There’s some good news for those with a deployment on the horizon: You could be among the first to receive the Army’s new armor — and unlike its predecessors, this one is lighter and scalable. Part of the Soldier Protection System, it includes a new ballistic helmet and eye protection that can switch from clear to dark shades in under a second. But the real standout is likely to be the new body armor.
The new armor could start making its way to forward deployed troops — they’ll receive it first — between 2018 and 2021, according to Army Times. The improved outer tactical vest currently does the job of protecting soldiers’ vital areas, but it weighs in at 26 pounds. The replacement, called the torso and extremity protection, or TEP system, is 5 pounds lighter and is designed to be scalable for the mission at hand.
The TEP system comes with scalable vest, ballistic combat shirt, pelvic protection system, and battle belt, all which can be worn at once — or not, if the mission doesn’t call for it. According to Army Times, production on the TEP will likely begin in May, and if all goes well, soldiers could get issued the new armor by late 2018.
Depending on the threat level facing deployed troops, the armor can be scaled from a concealable vest, all the way up to its highest level, which offers the same protection provided by the IOTV — but again, with less weight and a more flexible configuration.
Heading into the shit? Then you may be rocking the highest level of protection. On the other hand, if you’re doing some super secret-squirrel stuff, you may just sport the concealable vest with ballistic inserts, which pairs well with a jacket, operator hat, and beard.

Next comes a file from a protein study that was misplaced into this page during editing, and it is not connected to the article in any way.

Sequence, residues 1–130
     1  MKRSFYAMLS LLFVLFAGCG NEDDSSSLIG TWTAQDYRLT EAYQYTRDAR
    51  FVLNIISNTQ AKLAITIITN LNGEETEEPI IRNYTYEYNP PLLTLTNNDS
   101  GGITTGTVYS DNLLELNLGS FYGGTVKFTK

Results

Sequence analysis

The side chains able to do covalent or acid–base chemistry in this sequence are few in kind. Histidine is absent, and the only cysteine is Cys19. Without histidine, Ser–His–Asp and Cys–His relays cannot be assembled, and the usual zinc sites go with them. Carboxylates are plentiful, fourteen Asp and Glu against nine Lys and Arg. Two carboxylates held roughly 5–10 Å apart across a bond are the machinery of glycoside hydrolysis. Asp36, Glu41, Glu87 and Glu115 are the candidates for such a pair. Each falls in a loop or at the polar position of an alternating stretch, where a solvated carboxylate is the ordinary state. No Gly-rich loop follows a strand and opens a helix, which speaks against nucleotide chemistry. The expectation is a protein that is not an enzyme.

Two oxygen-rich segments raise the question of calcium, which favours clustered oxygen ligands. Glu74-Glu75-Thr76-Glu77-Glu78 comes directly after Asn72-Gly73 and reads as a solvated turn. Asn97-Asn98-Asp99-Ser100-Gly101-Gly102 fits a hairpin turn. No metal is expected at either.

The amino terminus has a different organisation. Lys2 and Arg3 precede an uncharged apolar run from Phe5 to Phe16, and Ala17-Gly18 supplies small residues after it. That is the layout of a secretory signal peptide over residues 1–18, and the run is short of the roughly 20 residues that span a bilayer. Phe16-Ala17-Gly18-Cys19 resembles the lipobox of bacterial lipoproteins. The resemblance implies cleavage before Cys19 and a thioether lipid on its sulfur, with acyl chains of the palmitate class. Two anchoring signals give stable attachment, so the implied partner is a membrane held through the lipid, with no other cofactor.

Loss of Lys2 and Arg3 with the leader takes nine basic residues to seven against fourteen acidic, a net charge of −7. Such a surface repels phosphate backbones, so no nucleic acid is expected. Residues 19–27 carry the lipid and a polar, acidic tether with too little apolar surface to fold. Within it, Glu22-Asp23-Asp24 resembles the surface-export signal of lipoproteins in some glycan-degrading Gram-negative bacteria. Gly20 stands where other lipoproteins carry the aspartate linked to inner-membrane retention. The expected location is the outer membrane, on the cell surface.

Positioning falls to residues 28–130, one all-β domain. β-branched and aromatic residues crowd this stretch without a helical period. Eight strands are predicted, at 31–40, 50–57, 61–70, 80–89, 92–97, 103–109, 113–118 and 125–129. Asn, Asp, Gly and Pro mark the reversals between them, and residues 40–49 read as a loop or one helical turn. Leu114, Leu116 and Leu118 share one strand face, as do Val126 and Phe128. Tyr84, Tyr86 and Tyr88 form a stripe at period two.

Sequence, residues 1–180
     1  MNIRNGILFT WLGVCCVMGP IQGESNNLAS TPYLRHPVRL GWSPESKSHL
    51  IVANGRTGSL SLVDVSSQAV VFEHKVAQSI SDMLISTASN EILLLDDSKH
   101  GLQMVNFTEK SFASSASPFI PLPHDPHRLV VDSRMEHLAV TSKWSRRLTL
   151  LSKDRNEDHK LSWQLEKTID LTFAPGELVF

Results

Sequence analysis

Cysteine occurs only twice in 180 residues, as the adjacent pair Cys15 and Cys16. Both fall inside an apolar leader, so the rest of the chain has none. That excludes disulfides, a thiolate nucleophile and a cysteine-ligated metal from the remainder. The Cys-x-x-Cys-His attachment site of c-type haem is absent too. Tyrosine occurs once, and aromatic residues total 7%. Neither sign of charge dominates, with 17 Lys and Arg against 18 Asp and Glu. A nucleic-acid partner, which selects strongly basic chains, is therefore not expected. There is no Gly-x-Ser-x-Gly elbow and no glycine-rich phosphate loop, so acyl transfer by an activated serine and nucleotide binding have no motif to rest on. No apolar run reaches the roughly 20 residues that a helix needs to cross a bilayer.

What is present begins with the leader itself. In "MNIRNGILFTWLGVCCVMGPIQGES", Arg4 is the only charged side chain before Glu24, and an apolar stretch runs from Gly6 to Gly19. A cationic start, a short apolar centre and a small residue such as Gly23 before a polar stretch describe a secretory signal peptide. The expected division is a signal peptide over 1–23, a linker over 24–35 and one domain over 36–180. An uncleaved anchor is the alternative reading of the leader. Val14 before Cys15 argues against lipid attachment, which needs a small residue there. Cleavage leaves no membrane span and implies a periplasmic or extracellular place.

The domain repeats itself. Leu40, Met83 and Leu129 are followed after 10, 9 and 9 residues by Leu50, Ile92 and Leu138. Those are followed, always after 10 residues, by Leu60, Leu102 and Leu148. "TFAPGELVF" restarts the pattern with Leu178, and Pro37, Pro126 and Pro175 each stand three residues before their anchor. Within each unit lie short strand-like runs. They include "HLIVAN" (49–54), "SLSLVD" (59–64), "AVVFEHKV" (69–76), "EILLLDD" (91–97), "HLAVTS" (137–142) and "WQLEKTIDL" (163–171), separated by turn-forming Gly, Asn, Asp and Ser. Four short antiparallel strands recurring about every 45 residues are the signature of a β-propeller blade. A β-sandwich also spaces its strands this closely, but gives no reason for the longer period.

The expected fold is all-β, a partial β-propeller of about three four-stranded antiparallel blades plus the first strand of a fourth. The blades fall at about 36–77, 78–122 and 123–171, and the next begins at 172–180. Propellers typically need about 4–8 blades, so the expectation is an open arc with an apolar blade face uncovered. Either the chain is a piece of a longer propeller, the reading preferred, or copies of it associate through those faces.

Navy Secretary Richard Spencer took the reins at the Pentagon on Monday, becoming the third acting defense secretary since January.
Spencer is expected to temporarily lead the Pentagon while the Senate considers Army Secretary Mark Esper's nomination to succeed James Mattis as defense secretary. The Senate officially received Esper's nomination on Monday.
U.S. Special Operations Command may be on the verge of making the dream of flying infantry soldiers a reality, but the French may very well beat them to it.
On Sunday, French President Emmanuel Macron shared an unusual video showing a man on a flying platform — widely characterized as a "hoverboard" — maneuvering through the skies above the Bastille Day celebrations in Paris armed with what appears to be a dummy firearm.
The video was accompanied with a simple message of "Fier de notre armée, moderne et innovante," which translates to "proud of our army, modern and innovative," suggesting that the French Armed Forces may be eyeing the unusual vehicle for potential military applications.
If such experiments took place, the amendment would require the inspector general's office to tell lawmakers if any of the ticks or other bugs "were released outside of any laboratory by accident or experiment design."
There's no one path to military service. For some, it's a lifelong goal, for others, it's a choice made in an instant.
For 27-year-old Marine Pvt. Atiqullah Assadi, who graduated from Marine Corps bootcamp on July 12, the decision to enlist was the culmination of a journey that began when he and his family were forced to flee their home in Afghanistan.
The Air Force has administratively separated the Nellis Air Force Base sergeant who was investigated for making racist comments about her subordinates in a video that went viral last year, Task & Purpose has learned.